The 'Black-ish' actress says her journey to love herself as a black woman is not easy partly because, growing up, it's hard to find the best natural care products for her afro hair.

AceShowbiz - Tracee Ellis Ross found learning to love herself as a Black woman "painstaking."

The "Black-ish" star opened up on her journey to self-acceptance in an interview with Kerry Washington for Elle magazine, during which the two women discussed Tracee's haircare line Pattern.

The collection features a range of products aimed at women with curly, coily and textured hair types, and includes shampoos, conditioners and serums - something the star wishes she herself had as a teenager.

"It started as such a personal relationship with my own hair, and feeling like I didn't have the support to find what I needed," the actress shared, clarifying, "Not just in terms of products, but in terms of how to love myself."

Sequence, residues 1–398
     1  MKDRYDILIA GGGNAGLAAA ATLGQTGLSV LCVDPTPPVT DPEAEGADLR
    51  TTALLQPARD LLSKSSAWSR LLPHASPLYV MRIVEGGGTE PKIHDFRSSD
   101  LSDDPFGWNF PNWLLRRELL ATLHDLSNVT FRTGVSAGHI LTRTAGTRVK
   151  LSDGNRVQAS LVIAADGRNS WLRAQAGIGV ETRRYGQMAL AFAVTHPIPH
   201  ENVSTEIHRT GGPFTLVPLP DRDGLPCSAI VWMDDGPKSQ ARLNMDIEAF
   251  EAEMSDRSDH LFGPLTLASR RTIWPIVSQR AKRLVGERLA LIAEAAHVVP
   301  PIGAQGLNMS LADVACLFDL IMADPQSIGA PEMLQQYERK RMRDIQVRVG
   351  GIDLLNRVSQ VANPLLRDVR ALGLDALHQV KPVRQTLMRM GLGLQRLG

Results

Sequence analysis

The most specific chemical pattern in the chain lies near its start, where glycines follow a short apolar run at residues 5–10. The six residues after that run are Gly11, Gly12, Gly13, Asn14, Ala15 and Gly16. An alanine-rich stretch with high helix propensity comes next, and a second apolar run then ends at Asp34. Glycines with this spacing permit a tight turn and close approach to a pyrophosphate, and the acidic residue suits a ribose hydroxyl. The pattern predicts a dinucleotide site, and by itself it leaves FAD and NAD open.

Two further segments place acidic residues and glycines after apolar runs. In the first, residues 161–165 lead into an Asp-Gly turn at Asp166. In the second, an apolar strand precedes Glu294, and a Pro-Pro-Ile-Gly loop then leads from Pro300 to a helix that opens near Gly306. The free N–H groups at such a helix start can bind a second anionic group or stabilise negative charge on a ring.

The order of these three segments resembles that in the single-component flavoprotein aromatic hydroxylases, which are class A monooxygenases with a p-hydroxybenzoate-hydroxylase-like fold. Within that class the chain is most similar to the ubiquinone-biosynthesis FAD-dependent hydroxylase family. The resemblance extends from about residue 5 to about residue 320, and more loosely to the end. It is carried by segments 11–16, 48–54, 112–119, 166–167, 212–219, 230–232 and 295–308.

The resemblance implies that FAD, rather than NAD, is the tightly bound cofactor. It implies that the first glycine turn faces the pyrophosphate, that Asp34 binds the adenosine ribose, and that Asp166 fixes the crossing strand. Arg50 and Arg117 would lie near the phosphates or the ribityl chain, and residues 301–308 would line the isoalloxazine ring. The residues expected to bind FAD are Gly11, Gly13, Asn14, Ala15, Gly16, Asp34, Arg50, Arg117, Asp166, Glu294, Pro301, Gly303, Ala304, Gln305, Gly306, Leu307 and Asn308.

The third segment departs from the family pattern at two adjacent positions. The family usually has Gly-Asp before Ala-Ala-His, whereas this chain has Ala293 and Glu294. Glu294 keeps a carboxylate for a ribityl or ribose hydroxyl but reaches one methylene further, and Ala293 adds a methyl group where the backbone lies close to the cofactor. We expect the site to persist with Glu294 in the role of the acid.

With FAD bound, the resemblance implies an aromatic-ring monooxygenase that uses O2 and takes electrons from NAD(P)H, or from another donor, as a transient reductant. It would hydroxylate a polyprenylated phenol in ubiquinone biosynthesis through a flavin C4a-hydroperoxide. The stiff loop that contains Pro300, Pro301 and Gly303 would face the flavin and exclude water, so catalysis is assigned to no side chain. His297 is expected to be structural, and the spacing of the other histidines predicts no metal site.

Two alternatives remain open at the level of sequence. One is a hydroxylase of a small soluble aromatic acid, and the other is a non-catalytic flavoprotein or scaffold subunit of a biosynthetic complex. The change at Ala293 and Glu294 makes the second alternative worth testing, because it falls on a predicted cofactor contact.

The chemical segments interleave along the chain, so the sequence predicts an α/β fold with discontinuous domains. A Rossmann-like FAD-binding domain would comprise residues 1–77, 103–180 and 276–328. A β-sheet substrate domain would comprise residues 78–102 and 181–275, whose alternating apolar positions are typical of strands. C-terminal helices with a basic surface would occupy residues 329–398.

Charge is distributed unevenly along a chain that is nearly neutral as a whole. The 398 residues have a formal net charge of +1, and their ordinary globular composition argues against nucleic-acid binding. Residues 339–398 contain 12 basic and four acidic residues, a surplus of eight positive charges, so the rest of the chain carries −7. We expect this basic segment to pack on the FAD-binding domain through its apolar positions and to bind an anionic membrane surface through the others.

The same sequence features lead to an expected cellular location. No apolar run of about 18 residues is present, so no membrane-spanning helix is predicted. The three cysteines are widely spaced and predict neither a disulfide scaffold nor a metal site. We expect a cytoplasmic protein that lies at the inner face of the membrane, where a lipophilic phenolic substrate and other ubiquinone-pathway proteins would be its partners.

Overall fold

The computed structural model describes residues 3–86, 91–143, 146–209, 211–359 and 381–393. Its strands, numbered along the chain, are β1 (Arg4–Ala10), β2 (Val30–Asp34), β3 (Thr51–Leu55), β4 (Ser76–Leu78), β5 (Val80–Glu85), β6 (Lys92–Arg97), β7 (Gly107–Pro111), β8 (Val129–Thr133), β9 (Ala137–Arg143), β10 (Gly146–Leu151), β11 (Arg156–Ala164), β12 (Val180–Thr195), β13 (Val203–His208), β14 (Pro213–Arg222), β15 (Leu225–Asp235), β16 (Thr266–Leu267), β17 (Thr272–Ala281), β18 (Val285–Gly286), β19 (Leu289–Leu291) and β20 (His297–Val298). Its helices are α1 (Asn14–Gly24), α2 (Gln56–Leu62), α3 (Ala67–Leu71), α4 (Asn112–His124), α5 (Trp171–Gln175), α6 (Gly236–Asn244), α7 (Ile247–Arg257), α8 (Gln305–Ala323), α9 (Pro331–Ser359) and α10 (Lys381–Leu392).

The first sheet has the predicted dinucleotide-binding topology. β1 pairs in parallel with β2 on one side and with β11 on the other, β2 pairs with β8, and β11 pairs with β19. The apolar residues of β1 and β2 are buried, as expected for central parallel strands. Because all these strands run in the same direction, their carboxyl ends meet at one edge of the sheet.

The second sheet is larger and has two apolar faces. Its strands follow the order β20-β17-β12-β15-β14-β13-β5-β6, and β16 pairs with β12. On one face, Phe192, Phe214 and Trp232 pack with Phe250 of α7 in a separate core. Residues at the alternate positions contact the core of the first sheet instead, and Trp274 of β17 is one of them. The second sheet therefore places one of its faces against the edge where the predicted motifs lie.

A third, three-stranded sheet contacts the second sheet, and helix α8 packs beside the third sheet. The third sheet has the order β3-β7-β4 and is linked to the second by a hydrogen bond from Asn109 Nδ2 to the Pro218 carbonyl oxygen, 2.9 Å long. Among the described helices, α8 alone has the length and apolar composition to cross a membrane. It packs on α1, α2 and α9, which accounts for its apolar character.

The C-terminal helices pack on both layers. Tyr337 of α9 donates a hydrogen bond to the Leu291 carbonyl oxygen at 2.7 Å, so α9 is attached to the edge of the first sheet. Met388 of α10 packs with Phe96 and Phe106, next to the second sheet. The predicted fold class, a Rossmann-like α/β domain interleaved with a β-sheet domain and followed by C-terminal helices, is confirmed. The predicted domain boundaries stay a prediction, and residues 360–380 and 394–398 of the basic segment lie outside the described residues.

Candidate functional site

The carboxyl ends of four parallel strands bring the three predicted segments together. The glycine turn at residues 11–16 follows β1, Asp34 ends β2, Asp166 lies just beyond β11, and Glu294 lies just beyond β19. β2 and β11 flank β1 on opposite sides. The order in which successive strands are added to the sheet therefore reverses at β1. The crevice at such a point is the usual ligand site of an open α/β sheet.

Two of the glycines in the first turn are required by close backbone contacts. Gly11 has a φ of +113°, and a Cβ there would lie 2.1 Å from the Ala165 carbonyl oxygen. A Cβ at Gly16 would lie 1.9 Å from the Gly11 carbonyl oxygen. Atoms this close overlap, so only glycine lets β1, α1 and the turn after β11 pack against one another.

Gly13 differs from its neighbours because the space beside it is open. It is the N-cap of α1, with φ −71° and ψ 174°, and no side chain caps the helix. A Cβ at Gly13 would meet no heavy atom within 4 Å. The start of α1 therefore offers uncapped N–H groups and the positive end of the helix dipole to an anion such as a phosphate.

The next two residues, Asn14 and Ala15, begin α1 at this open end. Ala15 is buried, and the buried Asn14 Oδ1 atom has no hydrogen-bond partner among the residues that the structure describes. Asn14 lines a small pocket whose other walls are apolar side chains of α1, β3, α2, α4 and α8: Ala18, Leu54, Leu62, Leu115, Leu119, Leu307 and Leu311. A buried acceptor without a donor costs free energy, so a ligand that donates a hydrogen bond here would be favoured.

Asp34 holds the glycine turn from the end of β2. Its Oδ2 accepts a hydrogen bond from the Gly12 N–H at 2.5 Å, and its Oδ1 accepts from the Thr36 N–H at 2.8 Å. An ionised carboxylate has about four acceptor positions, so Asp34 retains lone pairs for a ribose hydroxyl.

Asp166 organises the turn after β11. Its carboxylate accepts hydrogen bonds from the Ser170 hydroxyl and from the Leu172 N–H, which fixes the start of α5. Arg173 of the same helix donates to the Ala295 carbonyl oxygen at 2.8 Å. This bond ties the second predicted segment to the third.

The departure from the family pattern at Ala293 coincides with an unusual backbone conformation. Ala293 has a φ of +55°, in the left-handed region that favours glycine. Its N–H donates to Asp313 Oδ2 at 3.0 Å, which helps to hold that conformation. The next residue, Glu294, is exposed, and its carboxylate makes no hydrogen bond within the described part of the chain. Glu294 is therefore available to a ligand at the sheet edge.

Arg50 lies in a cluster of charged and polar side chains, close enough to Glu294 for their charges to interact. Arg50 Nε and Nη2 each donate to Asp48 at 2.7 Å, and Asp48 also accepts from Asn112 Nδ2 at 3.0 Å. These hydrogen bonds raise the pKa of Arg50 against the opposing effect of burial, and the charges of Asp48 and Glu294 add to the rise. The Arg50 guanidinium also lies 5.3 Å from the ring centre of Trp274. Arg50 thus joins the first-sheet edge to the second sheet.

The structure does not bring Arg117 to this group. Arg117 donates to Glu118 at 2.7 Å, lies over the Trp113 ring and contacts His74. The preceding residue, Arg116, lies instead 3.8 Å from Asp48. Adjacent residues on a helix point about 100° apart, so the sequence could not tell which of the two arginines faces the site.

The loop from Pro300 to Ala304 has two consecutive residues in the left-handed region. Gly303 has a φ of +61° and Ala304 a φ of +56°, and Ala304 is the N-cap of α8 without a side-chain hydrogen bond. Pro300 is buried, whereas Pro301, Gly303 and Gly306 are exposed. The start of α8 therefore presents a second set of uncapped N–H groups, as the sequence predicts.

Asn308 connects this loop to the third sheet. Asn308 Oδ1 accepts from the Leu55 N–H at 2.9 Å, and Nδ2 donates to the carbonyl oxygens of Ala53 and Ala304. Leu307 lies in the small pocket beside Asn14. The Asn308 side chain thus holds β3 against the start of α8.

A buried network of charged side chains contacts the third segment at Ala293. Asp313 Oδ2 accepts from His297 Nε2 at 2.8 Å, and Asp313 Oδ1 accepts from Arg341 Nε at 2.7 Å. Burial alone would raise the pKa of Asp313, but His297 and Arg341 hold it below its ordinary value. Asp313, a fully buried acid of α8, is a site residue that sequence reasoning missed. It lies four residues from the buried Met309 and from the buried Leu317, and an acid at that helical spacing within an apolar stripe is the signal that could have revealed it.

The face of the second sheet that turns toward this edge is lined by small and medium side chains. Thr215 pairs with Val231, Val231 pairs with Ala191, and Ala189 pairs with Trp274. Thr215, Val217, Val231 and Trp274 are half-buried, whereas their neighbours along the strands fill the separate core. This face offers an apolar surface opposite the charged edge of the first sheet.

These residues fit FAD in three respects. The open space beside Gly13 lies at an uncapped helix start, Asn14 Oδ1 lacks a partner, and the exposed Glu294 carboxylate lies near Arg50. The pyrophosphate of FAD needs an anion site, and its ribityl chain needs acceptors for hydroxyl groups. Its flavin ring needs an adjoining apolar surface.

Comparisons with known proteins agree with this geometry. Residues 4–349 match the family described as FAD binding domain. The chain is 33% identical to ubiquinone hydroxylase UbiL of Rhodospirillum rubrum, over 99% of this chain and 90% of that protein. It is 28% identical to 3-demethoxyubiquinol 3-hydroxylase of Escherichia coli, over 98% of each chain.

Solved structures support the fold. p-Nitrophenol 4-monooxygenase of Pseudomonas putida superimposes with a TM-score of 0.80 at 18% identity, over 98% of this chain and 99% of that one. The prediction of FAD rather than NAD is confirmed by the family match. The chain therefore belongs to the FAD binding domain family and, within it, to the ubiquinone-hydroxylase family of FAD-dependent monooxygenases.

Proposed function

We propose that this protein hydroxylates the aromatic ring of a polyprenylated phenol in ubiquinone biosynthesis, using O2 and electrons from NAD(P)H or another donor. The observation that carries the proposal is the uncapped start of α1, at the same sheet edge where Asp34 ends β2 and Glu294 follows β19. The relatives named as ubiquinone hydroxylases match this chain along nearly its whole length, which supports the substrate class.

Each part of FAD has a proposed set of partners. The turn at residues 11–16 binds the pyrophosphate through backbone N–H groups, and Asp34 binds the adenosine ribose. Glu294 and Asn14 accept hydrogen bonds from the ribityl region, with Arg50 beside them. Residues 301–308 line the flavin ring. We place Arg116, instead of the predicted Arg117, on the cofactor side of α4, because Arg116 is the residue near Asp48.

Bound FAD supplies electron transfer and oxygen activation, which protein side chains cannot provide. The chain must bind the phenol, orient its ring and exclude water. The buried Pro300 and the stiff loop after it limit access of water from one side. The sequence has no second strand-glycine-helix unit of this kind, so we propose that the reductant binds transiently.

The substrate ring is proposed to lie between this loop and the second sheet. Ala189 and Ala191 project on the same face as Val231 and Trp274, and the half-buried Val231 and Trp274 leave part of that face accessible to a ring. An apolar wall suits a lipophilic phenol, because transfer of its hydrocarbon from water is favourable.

"All of the things that I was taught from the media were like, I was supposed to have easy breezy beautiful hair. Bouncin' and behavin'. My hair didn't blow in the wind! All of these things didn't match up."

Tracee launched the line after a server in a beauty store told her, "You don't know the amount of people that come in here with a picture of you pulled out of a magazine and they want your hair. If you were to do a line of products, you'd be a millionaire," and she admitted, "The importance for me in the journey has been encouraging, inspiring, and making space for people to go on that journey with themselves."

"To have the courage to dive into their own legacy of hair as a way to love themselves and be revolutionary," she continued. "It's so hard. It's a painstaking daily journey."

Confessing she relied on a strong support network to get to the place she's at now, in terms of her relationship with herself, Tracee added, "As a woman, and as a Black woman, advocating for yourself is actually a form of resistance. It is how each of us push the world to make sure that the real estate matches the reality of who we are and what we deserve."

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